There are many ways to participate in both cultural and religious rituals. Sending sympathy cards or flowers, making a donation in honor of the person, lighting a candle, and saying prayers are all rituals that individuals may want to participate in outside of a formal funeral or other religious ritual.
Whatever the ritual, a person with autism should retain the choice to participate—or not participate—in events at their level of comfort. Given that many traditions include multiple events over many days, a person with autism may elect to participate in some, all, or none of them. Communicate with the individual and their supportive network, if available, about what will happen at the events and what will be seen, heard, felt, and even smelled. Sharing pictures of the actual places where the ritual will take place may be helpful. Many autistic adults are able to make their own decisions around attendance and participation in rituals. For those who cannot, provide opportunities to make decisions around participation. Everyone needs opportunities to say farewells in their own way and a chance to be supported in their grief through ritual. Feeling included, rather than excluded, is usually how people wish to feel.
Many autistic adults take an active role in planning funerals, memorials, and other rituals, either for their parents or other close loved ones. Funeral directors, clergy and others arranging these rituals should be open and flexible to the needs of the person with autism who is planning the funeral and sensitively address their concerns as they would address the concerns of a planner who is not autistic. Questions should always be welcomed and respected and answered with honest and complete responses. As with interacting with anyone, speak directly to the individual, not to a friend or support person who may be with them. If present, the friend or support person can always reinforce what you have said, or rephrase, as needed, or relay whether the individual needs additional interaction.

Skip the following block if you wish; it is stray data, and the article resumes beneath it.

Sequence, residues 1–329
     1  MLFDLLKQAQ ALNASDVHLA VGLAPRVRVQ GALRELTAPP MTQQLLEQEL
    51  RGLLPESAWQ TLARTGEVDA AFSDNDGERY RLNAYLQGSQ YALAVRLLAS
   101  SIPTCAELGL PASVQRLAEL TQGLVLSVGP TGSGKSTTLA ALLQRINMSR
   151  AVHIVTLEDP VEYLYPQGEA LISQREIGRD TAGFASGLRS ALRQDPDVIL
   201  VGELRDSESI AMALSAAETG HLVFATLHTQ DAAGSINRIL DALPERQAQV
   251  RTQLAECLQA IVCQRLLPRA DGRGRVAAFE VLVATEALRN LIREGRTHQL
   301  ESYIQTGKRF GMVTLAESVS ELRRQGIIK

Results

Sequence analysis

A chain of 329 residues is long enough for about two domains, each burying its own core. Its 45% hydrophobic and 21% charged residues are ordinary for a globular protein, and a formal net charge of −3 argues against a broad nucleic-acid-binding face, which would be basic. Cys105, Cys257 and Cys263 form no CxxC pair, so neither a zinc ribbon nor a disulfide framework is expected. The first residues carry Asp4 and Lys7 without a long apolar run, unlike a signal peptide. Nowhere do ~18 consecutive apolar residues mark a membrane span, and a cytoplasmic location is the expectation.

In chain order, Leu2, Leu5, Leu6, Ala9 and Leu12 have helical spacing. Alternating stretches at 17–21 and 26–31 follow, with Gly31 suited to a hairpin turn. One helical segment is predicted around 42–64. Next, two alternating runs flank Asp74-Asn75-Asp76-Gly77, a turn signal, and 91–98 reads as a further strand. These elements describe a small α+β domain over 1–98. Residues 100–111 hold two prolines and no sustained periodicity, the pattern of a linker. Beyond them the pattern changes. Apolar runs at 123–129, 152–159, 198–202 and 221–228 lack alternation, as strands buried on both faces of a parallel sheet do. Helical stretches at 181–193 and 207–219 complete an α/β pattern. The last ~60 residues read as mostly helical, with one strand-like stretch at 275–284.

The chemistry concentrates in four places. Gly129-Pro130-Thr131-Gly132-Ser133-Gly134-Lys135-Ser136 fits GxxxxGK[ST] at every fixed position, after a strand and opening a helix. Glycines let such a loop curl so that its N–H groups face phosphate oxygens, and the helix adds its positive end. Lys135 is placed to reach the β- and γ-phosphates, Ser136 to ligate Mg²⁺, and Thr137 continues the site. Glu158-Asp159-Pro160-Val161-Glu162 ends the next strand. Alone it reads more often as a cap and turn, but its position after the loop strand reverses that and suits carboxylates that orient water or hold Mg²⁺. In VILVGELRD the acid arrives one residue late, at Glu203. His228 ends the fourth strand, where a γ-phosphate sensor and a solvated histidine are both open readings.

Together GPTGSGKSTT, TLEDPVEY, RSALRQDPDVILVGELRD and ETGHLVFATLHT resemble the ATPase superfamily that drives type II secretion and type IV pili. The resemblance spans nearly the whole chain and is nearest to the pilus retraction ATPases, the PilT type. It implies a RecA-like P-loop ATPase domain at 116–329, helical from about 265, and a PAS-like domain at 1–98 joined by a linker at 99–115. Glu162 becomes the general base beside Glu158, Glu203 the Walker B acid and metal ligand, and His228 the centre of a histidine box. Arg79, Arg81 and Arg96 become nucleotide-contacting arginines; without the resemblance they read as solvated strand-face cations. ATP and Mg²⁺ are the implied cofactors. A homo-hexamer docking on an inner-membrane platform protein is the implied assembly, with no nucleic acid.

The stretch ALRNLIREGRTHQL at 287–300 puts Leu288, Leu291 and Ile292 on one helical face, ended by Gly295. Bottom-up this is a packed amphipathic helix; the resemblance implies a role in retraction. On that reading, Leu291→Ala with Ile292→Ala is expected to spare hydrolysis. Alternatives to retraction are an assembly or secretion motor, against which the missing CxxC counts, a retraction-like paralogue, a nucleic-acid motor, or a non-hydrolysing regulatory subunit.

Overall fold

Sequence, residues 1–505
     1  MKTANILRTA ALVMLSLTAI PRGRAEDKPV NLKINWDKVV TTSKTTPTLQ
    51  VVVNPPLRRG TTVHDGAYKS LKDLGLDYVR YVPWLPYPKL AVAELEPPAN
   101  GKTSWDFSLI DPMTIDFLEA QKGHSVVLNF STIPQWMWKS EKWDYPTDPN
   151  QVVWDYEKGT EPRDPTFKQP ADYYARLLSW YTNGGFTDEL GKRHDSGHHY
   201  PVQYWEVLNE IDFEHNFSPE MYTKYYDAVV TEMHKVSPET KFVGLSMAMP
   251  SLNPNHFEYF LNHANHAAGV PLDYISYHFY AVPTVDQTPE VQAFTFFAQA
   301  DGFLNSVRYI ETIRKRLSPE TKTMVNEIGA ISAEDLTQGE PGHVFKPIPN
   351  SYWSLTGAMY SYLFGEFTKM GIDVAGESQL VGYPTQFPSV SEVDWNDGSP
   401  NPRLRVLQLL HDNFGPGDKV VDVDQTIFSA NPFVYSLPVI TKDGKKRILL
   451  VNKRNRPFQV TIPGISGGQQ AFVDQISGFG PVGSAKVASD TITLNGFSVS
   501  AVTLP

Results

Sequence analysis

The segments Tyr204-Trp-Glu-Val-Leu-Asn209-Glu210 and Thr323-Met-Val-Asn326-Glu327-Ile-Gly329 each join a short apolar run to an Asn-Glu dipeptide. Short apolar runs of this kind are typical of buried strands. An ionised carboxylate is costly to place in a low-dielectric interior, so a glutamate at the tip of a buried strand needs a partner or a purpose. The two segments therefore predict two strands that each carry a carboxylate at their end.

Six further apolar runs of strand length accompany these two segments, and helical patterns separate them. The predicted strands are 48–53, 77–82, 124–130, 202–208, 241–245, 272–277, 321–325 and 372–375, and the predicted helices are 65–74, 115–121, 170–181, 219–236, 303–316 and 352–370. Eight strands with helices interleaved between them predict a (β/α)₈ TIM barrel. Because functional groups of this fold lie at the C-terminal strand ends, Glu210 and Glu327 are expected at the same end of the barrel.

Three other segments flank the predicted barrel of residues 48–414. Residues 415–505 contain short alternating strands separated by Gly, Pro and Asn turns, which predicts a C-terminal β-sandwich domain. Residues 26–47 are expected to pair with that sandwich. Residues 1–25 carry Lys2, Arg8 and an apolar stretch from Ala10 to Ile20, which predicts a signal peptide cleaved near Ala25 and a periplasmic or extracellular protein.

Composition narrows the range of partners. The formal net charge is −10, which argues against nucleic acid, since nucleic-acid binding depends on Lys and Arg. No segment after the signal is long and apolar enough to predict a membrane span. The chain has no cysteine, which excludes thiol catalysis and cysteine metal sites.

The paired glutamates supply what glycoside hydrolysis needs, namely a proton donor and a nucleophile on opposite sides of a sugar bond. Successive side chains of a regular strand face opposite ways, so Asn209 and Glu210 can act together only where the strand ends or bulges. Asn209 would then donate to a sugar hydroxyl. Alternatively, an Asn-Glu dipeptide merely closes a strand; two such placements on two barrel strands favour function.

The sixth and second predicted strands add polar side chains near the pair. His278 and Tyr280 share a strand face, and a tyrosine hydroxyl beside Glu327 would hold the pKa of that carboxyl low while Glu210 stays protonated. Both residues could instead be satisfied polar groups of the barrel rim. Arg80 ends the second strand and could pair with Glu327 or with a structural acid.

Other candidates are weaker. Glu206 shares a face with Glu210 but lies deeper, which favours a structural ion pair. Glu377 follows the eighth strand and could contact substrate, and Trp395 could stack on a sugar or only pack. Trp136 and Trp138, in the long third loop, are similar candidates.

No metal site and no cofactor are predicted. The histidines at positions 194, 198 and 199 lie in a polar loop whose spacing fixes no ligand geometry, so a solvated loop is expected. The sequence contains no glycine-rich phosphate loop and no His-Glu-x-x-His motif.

Whatever the decision about if and or how they will participate, it may be important to appropriately prepare the person with autism for participation in these rituals. The preparation will need to be tailored to the individual. This might include a calendar or schedule of events. Read the individual case studies below for further insight. Some people find social stories helpful. Click here for three social stories about grief, including one on “Preparing for a Funeral” that you can download to read, print, or share.
Situations may arise where the family has made decisions about excluding or including the adult with autism, even if supportive professionals disagree or think it will not be beneficial in helping the autistic adult cope with grief. Remembering that every person grieves in their own way and they may have different expectations for or needs from a particular ritual, it might be helpful to offer multiple opportunities for memorialization or ritual that allow for individual needs and situations.